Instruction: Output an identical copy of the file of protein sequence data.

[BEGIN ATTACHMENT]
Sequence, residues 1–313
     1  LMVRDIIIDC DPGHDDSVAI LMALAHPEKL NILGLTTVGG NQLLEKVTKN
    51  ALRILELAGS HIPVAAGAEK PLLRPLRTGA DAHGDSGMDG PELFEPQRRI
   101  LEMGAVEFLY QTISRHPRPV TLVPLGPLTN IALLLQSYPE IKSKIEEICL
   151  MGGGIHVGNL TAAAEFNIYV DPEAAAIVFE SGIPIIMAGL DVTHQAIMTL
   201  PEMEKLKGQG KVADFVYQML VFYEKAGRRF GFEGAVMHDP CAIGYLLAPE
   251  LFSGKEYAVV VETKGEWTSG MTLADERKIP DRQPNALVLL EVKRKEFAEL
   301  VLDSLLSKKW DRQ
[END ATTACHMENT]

Sequence, residues 1–313
     1  LMVRDIIIDC DPGHDDSVAI LMALAHPEKL NILGLTTVGG NQLLEKVTKN
    51  ALRILELAGS HIPVAAGAEK PLLRPLRTGA DAHGDSGMDG PELFEPQRRI
   101  LEMGAVEFLY QTISRHPRPV TLVPLGPLTN IALLLQSYPE IKSKIEEICL
   151  MGGGIHVGNL TAAAEFNIYV DPEAAAIVFE SGIPIIMAGL DVTHQAIMTL
   201  PEMEKLKGQG KVADFVYQML VFYEKAGRRF GFEGAVMHDP CAIGYLLAPE
   251  LFSGKEYAVV VETKGEWTSG MTLADERKIP DRQPNALVLL EVKRKEFAEL
   301  VLDSLLSKKW DRQ